NZBORA

... or, rather, the fellow prisoners who joined his application to have the legislative ban on prisoners voting declared inconsistent with the New Zealand Bill of Rights Act win again.  

I'll write more on this later today, but seeing as I don't do social media and there may also be some of you out there in internet land who don't either ...

Alfred Ngaro appears to think the Government can stop its critics taking part in government programmes. That's not just wrong from a political morality standpoint, it's flat out illegal.

Given the speeches at the National Party's Auckland regional conference, New Zealand's housing situation/challenge/imbroglio/anything-but-a-crisis appea

Does a murderer really have the right to wear a hairpiece? Are we really living in such mad times? Or might things be a little more complex than that?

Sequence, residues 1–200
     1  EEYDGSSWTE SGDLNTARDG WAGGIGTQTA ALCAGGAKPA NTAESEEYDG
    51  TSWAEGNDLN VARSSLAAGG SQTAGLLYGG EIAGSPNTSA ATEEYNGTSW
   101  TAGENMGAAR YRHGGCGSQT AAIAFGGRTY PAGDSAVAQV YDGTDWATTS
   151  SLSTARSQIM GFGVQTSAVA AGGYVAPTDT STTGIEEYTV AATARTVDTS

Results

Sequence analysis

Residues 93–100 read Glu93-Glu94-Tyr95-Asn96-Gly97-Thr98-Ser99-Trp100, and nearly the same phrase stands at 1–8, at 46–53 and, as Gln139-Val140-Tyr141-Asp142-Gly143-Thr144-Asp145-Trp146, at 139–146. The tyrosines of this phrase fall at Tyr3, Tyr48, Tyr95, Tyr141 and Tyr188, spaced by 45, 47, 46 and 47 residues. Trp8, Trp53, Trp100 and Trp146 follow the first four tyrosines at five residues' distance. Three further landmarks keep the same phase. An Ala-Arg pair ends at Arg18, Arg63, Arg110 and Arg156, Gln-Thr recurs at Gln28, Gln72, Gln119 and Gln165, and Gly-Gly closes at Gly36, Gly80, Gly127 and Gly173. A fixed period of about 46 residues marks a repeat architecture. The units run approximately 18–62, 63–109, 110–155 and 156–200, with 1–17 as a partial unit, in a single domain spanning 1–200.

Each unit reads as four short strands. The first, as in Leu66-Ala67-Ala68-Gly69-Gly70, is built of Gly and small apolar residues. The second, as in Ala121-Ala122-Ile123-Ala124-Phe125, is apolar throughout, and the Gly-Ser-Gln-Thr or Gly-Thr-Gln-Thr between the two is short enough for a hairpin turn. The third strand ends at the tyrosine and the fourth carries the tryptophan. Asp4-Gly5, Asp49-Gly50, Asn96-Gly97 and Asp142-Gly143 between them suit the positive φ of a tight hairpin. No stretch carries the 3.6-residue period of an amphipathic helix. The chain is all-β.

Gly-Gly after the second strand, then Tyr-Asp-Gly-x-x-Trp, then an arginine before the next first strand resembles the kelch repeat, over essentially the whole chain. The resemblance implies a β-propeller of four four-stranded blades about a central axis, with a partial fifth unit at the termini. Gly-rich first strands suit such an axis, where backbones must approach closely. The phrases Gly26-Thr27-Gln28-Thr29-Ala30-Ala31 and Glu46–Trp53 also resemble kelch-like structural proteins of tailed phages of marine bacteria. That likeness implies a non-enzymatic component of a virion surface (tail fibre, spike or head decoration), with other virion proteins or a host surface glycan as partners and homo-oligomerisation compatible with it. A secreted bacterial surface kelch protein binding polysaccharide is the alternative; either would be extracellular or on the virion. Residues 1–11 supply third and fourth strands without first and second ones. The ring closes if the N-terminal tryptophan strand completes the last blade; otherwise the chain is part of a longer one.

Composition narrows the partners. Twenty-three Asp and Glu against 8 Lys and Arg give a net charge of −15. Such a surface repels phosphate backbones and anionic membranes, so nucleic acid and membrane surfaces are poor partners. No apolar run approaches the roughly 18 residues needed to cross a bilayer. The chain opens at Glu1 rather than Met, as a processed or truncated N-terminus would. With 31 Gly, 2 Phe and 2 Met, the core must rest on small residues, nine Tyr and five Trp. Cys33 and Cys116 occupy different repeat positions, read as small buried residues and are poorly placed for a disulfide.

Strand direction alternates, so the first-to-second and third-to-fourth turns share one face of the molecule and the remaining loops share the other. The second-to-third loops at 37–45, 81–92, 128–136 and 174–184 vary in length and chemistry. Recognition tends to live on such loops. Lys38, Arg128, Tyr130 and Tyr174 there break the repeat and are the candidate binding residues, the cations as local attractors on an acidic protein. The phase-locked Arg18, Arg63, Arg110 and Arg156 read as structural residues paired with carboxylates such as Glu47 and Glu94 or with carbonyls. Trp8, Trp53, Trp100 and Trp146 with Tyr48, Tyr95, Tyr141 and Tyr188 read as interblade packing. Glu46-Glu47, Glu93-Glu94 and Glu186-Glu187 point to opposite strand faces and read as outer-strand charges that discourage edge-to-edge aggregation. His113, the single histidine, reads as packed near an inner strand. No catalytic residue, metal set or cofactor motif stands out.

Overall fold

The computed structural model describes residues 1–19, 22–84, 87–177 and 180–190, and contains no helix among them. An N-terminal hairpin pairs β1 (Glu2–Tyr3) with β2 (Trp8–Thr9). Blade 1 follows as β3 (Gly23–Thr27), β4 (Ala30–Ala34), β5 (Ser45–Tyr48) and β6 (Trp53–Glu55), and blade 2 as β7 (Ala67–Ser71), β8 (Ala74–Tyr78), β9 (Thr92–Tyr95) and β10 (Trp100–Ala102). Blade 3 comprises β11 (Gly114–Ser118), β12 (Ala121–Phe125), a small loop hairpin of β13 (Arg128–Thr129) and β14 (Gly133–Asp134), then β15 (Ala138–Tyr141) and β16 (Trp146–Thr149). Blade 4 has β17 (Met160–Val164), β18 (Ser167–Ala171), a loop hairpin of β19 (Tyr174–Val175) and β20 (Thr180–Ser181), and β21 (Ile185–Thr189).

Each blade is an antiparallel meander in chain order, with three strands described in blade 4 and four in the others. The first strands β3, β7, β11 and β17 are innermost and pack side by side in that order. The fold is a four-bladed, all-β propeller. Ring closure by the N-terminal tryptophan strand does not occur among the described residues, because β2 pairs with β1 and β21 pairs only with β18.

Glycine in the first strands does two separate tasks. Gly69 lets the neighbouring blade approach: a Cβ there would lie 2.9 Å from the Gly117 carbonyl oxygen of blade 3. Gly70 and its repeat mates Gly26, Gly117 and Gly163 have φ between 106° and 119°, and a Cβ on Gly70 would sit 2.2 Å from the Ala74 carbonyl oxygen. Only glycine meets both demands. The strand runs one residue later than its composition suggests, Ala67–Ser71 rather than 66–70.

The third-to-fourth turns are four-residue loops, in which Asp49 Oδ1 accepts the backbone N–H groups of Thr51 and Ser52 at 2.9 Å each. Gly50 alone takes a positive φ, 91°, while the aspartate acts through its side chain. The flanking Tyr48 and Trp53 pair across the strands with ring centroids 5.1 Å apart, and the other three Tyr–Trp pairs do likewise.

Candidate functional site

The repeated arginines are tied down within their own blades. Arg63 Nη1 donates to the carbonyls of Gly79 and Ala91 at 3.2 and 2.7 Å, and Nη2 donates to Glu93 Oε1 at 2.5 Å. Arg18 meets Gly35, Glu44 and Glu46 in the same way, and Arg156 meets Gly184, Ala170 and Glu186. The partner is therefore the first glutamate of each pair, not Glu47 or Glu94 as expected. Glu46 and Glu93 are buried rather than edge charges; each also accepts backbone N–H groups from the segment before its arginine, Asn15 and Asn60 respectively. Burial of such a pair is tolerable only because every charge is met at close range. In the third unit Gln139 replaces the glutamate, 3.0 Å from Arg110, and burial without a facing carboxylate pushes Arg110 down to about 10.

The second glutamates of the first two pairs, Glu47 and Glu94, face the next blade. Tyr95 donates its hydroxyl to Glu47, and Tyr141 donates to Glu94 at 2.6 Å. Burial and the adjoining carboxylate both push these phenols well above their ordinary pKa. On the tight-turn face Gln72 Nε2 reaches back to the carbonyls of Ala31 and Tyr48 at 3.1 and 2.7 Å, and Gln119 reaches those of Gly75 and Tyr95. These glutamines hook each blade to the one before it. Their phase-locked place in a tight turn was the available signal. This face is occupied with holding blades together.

I suspect the High Court decision that prison officials acted wrongly in taking Phillip John Smith's hairpiece from him is going to turn the talkback outrage meter right up to 11. Prisoners have a right to wear a toupee? That piece of shit can keep his rug on?

Why is the Crown fighting a court case it knows it is very unlikely to win? Because doing so stops it from having to face cases it really would prefer not to deal with.

[Update: see important revisory note at post's end!]

Back in September I wrote this post about a Supreme Court decision that found quite a number of prisoners have been unlawfully detained because The Department of Corrections incorrectly had calculated their release dates.

The Court of Appeal's decision on the Planet Key's legal status means that we are likely to see and hear a lot more political advertising. And it also renders the Government's just announced reforms of party political broadcasts completely out of date.

Yesterday, the Court of Appeal handed down its decision on the Electoral Commission's appeal in the "Planet Key" case, The Electoral Commission v Watson & Jones. You may remember the song and video at the heart of that case.